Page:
The PJ Tatler

Lead U.S. Nuke Negotiator with Iran Leaving State Department

The lead U.S. negotiator at the table with Iran in the P5+1 nuclear talks is leaving the State Department.

Under Secretary of State for Political Affairs Wendy Sherman traveled to Vienna yesterday to resume negotiations, and will meet Secretary of State John Kerry in Geneva on Saturday for additional talks with the Iranians.


The fourth-ranking official in the State Department will be out the door after the June 30 nuclear deadline.

Sherman was an adviser to Hillary Clinton during her 2008 campaign, and the former secretary of State appointed her old supporter to her current State Department post in 2011. Sherman’s history in Democratic Party politics includes running the pro-abortion rights lobbying group EMILY’s List.

“As the secretary has said, Undersecretary Sherman has been an absolutely critical member of his team, in particular in the work spearheading the nuclear negotiations with Iran, but also on nearly every other important issue in the department,” State Department spokesman Jeff Rathke told reporters today. “She has close relations and collaboration with her P5+1 and E.U. counterparts. They’ve been instrumental in enabling us to reach the interim agreement that has halted the progress of Iran’s nuclear program and makes our partners and allies and our world safer.”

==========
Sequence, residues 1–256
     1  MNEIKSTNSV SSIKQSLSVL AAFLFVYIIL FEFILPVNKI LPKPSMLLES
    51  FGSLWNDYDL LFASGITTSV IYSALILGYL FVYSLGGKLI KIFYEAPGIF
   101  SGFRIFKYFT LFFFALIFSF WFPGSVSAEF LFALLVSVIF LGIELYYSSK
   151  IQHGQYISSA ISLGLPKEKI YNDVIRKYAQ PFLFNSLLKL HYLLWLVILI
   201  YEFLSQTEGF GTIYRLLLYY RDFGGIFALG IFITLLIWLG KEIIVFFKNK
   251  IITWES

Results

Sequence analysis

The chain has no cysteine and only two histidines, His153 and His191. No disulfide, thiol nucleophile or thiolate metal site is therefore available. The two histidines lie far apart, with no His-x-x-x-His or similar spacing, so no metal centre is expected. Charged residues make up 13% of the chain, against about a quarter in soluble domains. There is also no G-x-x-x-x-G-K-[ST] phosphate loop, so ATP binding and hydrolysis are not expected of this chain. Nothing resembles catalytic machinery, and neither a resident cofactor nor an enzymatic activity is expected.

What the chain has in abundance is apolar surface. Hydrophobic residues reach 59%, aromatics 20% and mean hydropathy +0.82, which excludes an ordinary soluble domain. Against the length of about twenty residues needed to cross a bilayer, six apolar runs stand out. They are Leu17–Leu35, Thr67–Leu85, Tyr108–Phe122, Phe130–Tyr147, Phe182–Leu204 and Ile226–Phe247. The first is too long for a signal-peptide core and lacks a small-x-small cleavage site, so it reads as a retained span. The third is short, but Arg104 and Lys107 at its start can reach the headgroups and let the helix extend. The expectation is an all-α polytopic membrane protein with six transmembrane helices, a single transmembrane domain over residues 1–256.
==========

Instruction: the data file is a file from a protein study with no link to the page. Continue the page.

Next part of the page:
“So, you know, she’s gonna stay on through the completion of the talks. I don’t have a lot more to add to motivation.”


Asked if now is the right time to be leaving, Rathke said “one of the things that Undersecretary Sherman has made a point of doing is to mentor colleagues and to build a large and strong U.S. negotiating team, which encompasses experts from across the U.S. government and within the State Department as well.”

“So, if we are successful in concluding a final deal, we’ll move into a new phase of implementation and monitoring,” he said. “And, you know, this team that Undersecretary Sherman has put together and has led over these last couple of years will continue to track Iran’s nuclear program if we get to a deal and they’ll be joined by others across this government.”

Of that June 30 deadline: “We’re not contemplating an extension.”

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